Gates Cites Leaders’ Responsibilities at Army Birthday Event
By Army Sgt. 1st Class Michael J. Carden
American Forces Press Service
WASHINGTON, June 14, 2010 Defense Secretary Robert M. Gates helped to celebrate the Army’s 235th birthday today at a Pentagon courtyard ceremony and imparted a message for its leadership to always make time to listen to what their troops have to say.
The oldest soldier in the Military District of Washington, Col. Arthur Wittich, left, 72; Army Chief of Staff Gen. George W. Casey Jr.; Defense Secretary Robert M. Gates; Army Secretary John M. McHugh and Sgt. Maj. of the Army Kenneth O. Preston, cut a cake in commemoration of the Army’s 235th birthday during a ceremony at the Pentagon, June 14, 2010. U.S. Army photo by Staff Sgt. Matthew Clifton
(Click photo for screen-resolution image);high-resolution image available.
“There are many downsides to [being Defense Secretary], but one of the things I truly look forward to is any chance I have to meet soldiers and their families,” Gates said. “Every stop I make anywhere will include troop talks or town halls, so that I can hear honestly how things are going.
“There is always time on my schedule to listen to what these amazing Americans have to say, even if sometimes it’s tough to hear,” he continued. “My direct engagement with soldiers on the battlefield, their families at home and civilians employed around the world has helped shape my views and the priorities of service and the department.”
The Army birthday celebration also included Army Secretary John M. McHugh, Army Chief of Staff George W. Casey Jr., Sgt. Maj. of the Army Kenneth O. Preston and other senior leaders.
Gates underscored his comments, citing that recent innovations such as increased education benefits and better combat uniforms and gear, have developed from soldiers’ input to leaders.
Leaders must never forget they have a responsibility to listen, he said.
“This institution’s legacy of patriotism and the spirit of the men and women who’ve served in it demand no less,” the secretary said.
More than 200,000 soldiers today are deployed around the world, the majority of which are serving in Iraq and Afghanistan. Many more have seen combat in those theaters as well as others.
Gates expressed his admiration for those soldiers and their ability to adapt to the nature of those conflicts. Today’s soldiers have the skills and intellect necessary to adjust to the demands of an ever-changing set of capabilities and competencies required by today’s multi-faceted Army missions, he said.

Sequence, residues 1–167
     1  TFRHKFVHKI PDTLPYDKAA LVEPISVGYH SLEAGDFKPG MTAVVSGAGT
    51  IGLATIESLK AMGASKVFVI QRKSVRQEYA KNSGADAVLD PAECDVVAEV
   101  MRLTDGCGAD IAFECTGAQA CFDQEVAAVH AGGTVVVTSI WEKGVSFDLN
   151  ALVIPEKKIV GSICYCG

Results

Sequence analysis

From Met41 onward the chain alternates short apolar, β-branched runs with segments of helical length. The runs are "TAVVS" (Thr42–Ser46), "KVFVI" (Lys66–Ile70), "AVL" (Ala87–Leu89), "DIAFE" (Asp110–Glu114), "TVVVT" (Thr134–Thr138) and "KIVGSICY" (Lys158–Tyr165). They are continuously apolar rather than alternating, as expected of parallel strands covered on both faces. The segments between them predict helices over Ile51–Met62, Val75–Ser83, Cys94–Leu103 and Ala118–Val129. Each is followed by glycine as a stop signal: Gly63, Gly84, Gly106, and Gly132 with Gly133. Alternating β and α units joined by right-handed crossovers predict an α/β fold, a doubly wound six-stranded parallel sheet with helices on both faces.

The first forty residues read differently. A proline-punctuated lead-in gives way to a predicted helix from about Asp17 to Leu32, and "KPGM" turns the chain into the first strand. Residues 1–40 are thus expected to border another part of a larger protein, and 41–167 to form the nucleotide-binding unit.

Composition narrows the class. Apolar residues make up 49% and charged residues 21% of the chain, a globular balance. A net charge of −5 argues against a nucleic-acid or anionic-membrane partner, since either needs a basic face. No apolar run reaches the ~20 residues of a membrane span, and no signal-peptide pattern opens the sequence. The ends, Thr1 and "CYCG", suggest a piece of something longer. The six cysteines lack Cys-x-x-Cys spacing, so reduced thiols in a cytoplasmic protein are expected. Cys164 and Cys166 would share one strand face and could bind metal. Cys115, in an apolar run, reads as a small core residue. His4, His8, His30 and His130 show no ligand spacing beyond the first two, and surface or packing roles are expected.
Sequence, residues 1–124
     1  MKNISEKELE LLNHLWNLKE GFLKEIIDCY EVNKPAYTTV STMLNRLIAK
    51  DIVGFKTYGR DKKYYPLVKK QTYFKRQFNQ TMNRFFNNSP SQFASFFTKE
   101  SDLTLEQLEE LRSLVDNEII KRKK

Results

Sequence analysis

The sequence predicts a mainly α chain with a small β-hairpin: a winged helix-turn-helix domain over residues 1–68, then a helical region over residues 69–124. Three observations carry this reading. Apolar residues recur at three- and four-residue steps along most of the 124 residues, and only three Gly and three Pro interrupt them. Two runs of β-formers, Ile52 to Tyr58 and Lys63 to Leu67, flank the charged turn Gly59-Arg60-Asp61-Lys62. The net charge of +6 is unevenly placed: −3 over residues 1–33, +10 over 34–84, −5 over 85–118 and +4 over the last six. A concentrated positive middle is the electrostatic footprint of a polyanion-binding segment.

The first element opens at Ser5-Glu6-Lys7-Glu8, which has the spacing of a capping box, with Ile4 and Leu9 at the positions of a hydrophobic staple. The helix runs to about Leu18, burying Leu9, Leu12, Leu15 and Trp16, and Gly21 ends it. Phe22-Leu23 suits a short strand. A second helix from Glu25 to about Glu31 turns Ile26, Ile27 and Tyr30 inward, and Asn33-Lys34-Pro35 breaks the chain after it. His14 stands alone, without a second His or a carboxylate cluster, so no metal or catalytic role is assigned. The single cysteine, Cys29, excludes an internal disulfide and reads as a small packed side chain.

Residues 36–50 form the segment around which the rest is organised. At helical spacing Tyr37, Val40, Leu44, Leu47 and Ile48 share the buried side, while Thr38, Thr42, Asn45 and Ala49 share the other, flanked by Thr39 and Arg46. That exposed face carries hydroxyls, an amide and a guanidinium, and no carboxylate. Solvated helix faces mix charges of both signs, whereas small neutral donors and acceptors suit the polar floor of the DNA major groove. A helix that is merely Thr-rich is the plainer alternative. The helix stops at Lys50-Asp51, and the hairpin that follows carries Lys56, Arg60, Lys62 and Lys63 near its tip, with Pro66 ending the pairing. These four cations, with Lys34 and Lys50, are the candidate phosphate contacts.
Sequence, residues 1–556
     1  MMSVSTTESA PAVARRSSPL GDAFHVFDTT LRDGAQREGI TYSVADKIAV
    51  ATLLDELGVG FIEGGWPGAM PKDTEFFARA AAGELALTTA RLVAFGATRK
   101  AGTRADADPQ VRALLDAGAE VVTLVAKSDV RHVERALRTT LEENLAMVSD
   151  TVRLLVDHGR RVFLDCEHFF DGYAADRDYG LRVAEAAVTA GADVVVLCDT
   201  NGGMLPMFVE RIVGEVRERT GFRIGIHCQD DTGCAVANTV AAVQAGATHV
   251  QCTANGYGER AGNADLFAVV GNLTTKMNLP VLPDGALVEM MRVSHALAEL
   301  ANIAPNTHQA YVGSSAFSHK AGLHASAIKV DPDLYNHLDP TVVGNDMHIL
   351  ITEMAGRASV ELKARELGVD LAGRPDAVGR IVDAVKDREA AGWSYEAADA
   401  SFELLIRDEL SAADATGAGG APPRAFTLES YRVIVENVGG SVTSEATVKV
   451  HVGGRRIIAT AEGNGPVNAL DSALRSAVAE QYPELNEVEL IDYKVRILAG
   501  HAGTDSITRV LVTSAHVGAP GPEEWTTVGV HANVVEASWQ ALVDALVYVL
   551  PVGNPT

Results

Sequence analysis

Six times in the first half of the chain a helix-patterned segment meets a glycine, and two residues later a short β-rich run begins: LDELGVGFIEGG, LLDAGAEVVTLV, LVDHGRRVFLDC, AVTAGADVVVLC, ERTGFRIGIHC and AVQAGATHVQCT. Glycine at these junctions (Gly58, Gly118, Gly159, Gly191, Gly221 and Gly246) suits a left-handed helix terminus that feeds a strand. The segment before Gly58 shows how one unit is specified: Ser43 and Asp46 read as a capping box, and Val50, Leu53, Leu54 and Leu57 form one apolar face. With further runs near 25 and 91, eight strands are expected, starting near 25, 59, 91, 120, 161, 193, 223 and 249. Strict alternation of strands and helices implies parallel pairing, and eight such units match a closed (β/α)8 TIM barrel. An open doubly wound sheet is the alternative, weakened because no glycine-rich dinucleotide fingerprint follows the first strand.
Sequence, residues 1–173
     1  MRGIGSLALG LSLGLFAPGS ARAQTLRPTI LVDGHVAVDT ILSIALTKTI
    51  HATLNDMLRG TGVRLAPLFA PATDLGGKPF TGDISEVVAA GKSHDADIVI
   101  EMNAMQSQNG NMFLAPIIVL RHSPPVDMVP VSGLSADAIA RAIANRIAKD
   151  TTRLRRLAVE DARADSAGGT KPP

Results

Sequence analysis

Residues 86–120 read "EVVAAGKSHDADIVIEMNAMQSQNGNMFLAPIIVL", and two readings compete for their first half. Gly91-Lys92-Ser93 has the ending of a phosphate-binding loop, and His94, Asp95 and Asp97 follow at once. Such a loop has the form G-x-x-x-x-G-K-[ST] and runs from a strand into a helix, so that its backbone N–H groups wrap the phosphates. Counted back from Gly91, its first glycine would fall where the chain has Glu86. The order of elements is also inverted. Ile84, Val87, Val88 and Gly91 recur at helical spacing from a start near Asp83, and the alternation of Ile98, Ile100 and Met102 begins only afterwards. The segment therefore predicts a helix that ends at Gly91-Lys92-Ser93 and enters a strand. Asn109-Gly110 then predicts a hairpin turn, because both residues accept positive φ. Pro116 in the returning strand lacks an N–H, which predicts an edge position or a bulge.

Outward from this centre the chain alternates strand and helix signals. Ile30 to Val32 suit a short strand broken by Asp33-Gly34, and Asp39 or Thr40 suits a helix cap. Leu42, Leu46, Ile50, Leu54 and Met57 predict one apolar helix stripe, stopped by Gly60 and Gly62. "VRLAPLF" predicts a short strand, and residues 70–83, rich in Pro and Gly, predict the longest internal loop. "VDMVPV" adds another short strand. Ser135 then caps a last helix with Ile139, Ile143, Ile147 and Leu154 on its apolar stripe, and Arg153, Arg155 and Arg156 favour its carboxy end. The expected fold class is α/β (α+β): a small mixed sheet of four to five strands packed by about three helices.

“I’m awed by their ability to adapt and succeed in a mission that at various stages has called upon them to be scholars, teacher, policeman, farmers, bankers, engineers, social workers and, of course, warriors, often all at the same time,” he said. “Above all, I am perpetually thankful for their willingness to serve and have the greatest faith in their ability to face the difficult and dangerous missions that lie ahead.”
The U.S. military liberated more than 50 million people from tyranny and totalitarian regimes during the past decade alone. The individual soldiers and servicemembers deserve much credit for their desire to relieve so many from oppression, Casey said during the Pentagon ceremony.
The Army’s senior uniformed officer cited an Army birthday message from President Barack Obama, which decreed that soldiers “represent the best of America.”
“I would tell you that we are that way because of our core values, because of our ethos and because of our people,” Casey said. “At its core, our history is the history of our people; ordinary Americans, ordinary men and women who have done extraordinary things over time for this great country.”
More than 30 million men and women have served in the Army since its establishment by the Continental Congress on June 14, 1775.
Today’s Pentagon ceremony concluded with a traditional cake cutting by the oldest and youngest soldiers serving in the Military District of Washington. Also, some 20 Army National Guardsmen and active duty soldiers reenlisted. The event also featured static displays of past and present Army uniforms, weapons and technology displayed throughout the Pentagon courtyard.